Meanwhile, as all that easy money was flowing to real estate, prices rose quickly. Suddenly sitting on houses whose values had skyrocketed, American homeowners used their mortgages as ATM machines, refinancing loans to cash in on paper profits. And bankers — hungry for fees — gave loans to anyone who could sign their name, and some who couldn’t.
We now know that we built too much, and we built a lot of substandard housing that no one wanted. Money was too easy, and the real estate investment ideas simply weren’t good enough to create the growth that would sustain the economy. The bubble inflated, and then it burst. This time around, instead of dot-coms, the most immediate victims were the Wall Street firms that had borrowed far too much – Bear Sterns, Lehman Brothers — forcing the government to rescue others, to ward off a complete collapse. Main Street, where all those new homes were built, suffered as well.
That’s not to say that easy money is a bad thing. On the contrary, the Fed has largely used versions of this strategy for decades, to tweak the economy when it’s down, and to rein it in when it gets too hot — albeit not always quickly enough.
The trick is to make money just difficult enough to obtain so that it lands in the right hands, funding worthwhile ideas, while avoiding, for example, bogusbusiness.com and cheesy housing.
So the big question now is, where exactly will all the new money go? Are there great ideas out there that are just waiting for interest rates to drop, so that they can create useful products and services, putting Americans back to work?
Maybe not. What appears to be lacking are good new ideas, not cheap money. Already, there’s a huge amount of cash out there now, lying dormant, ready to be invested by some of the country’s most sophisticated, determined and ambitious executives. Unfortunately, these executives aren’t finding enough good ideas to invest in.
America’s major corporations are sitting on trillions of dollars in reserves that could be put to use, without borrowing a dime. Apple alone holds a staggering $51 billion in cash. Surely, if executives saw ways that they could invest it to make more money, they would; that’s precisely what they’re paid big salaries to do. So will QE2’s modest decrease in interest rates spur them into action? Probably not.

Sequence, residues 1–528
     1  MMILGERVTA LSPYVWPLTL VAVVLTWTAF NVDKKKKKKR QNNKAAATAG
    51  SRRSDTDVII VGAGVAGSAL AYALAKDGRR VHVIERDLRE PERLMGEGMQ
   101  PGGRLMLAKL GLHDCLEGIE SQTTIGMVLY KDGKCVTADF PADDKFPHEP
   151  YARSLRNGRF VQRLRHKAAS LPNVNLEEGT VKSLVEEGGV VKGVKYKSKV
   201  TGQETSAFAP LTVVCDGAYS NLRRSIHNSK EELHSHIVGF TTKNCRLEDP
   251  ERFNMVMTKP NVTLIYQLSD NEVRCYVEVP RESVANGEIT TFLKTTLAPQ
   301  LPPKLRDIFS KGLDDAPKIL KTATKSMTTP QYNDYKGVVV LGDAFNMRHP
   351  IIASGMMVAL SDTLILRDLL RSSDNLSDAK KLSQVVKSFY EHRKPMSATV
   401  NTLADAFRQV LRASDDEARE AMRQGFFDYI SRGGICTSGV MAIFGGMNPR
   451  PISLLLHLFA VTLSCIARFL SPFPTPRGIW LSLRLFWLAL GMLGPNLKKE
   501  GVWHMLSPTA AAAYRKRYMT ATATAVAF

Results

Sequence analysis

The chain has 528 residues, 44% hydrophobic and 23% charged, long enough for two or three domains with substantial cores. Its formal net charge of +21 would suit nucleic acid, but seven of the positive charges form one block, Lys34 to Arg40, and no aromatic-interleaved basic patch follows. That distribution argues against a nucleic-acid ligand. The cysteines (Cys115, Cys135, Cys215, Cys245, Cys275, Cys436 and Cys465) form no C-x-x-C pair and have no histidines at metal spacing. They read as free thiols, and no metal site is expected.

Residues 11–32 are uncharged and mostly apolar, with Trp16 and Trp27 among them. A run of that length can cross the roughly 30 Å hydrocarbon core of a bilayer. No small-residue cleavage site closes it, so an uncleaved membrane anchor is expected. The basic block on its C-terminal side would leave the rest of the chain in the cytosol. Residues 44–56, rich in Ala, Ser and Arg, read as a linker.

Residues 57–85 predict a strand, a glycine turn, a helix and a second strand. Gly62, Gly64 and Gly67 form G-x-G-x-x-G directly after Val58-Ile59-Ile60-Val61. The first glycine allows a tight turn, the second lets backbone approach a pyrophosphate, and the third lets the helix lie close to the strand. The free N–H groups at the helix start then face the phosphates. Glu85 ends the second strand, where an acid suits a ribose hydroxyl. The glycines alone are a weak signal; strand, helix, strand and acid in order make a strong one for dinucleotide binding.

The problem isn’t limited to big companies. These days, some of America’s best and brightest business minds work for private equity firms – companies whose job it is to invest money for wealthy institutions and individuals. Like corporate America, these firms are also sitting on billions in reserves, unable to identify compelling enough business ideas to commit their funds to.
So really, does business need more cash? What will it change?
Here’s a radical idea: maybe the private sector doesn’t have the right arms to fight this battle. At its core, economic activity is all about fulfilling society’s material needs. Surely, America has plenty of needs: better infrastructure and schools, for example, or trains that can improve efficiency by moving us from New York to Boston or LA to San Francisco at 200 miles an hours, like the bullet trains that shuttle around our competitors in China. Moreover, as billionaire oil tycoon T. Boone Pickens has argued, America also needs to rethink its power grid, to build a green economy, and stop the annual three-quarters of a trillion outflow of U.S. dollars to oil exporters.
The problem is, the private sector is ill-equipped to take the lead in tackling these needs. They’re matters that demand government leadership. QE2 won’t help, and with the anti-government tea party movement on the rise, any solution led by the government is probably off the table.
So if America’s best business minds can’t figure out what to do with its extra cash, and if government spending is a non-starter, where will all the Fed’s easy money flow? As GlobalPost pointed out earlier this week, emerging nations — currently in vogue with investors who see better potential returns there than in the developed world — are concerned that they’ll be the target. If the past is a predictor, their equities markets could soar, then crash, starting the whole process over again, and leaving the wrecks of QE2 — and all the pain the we’ve been suffereing lately — on their shores.
Author David Case heads GlobalPost Research, a custom research service for private clients.